Be Fearless Spotlight: Krochet Kids intl.

This Spotlight is authored by guest writer Caitlin Kelly as part of a special blog series by the Case Foundation featuring Be Fearless stories from the field. Follow along with us as we meet people and learn about organizations that are taking risks, being bold and failing forward in their efforts to create transformative change in the social sector.

The affluent shoppers in upscale stores like Nordstorm, Whole Foods, Anthropologie or Canada’s Holt Renfrew may not realize that the backpacks, baby booties, wool scarves and T-shirts they’re buying are employing 175 women in Uganda and Peru.

For Kohl Crecelius, CEO and co-founder of Krochet Kids intl., a seven-year-old nonprofit based in Costa Mesa, CA, the focus is training workers in new skills they can eventually use on their own—not simply hitting his firm’s production numbers, or making sure there’s enough inventory.

That’s what makes Krochet Kids intl. so fearless—their willingness to make a wager. “We’re in the process of making a big bet that people will truly care about how our products are made,” says Crecelius.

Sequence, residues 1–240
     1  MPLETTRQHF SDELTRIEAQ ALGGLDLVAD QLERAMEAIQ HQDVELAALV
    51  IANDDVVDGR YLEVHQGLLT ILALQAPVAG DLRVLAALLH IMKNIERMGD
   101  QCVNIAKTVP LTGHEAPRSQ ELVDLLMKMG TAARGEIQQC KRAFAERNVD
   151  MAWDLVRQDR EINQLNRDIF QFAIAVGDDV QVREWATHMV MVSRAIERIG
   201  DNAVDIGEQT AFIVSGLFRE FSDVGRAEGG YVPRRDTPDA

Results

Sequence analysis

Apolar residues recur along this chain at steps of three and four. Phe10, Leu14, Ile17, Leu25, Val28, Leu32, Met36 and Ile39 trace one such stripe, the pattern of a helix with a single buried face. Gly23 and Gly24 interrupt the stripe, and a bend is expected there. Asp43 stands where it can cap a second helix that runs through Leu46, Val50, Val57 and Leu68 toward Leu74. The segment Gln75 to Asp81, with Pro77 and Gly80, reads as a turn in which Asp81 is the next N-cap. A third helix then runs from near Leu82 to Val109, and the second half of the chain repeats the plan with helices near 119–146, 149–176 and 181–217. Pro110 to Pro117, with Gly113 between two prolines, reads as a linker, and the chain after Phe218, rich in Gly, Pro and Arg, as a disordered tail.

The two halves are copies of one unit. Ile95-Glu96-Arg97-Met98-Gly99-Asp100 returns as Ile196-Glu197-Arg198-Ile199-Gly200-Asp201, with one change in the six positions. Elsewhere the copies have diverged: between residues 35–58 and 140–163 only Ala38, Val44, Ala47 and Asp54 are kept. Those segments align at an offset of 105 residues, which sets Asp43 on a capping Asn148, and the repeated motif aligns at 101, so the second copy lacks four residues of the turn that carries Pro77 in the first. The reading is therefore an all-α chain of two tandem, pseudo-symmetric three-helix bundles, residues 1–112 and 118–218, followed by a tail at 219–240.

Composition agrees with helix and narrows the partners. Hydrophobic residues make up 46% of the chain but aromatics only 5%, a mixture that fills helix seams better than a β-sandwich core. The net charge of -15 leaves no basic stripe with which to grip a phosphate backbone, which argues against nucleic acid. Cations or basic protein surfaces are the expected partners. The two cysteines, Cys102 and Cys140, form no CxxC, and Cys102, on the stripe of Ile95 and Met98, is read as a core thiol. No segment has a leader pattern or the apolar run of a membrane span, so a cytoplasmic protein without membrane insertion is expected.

While many organizations focus on teaching skills, Krochet Kids intl.’s approach is riskier and embodies the notion of fearlessness by making sure their clients will eventually leave Krochet Kids, often to open a wholly different sort of business on their own.

That’s fine with Crecelius. His longer-term goal is to teach entrepreneurial values and skills, no matter how they’re eventually put to use. “What we saw far too much of when we were creating Krochet Kids intl. was a cycle of dependency. Hundreds of aid organizations focus on short-term need, but not on equipping their clients to be self-reliant individuals.” So far, the program has graduated 50 women into their own businesses.

Like many working in the nonprofit field, he was first inspired by his own travels, the aid work he witnessed in Uganda spurring him to experiment and create a different model. “I saw how short-sighted that was and how it needed to be done differently. The women I met wanted to work and to be capable of changing their own circumstances,” he says.

Crecelius’ brother had learned to crochet while attending college in San Diego, CA, a skill he passed on and which they decided might be a skill useful to women in northern Uganda, where they started with 10 workers. This realization sparked the creation of Krochet Kids intl., and over the course of the last eight years Crecelius’ big idea has been refined through experimentation and a series of unlikely partnerships.